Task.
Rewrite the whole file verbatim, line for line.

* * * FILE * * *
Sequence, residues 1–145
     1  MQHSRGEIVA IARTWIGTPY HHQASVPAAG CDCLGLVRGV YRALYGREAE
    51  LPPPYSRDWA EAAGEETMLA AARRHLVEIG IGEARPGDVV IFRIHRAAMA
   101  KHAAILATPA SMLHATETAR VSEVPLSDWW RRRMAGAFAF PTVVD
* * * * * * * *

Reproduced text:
Sequence, residues 1–145
     1  MQHSRGEIVA IARTWIGTPY HHQASVPAAG CDCLGLVRGV YRALYGREAE
    51  LPPPYSRDWA EAAGEETMLA AARRHLVEIG IGEARPGDVV IFRIHRAAMA
   101  KHAAILATPA SMLHATETAR VSEVPLSDWW RRRMAGAFAF PTVVD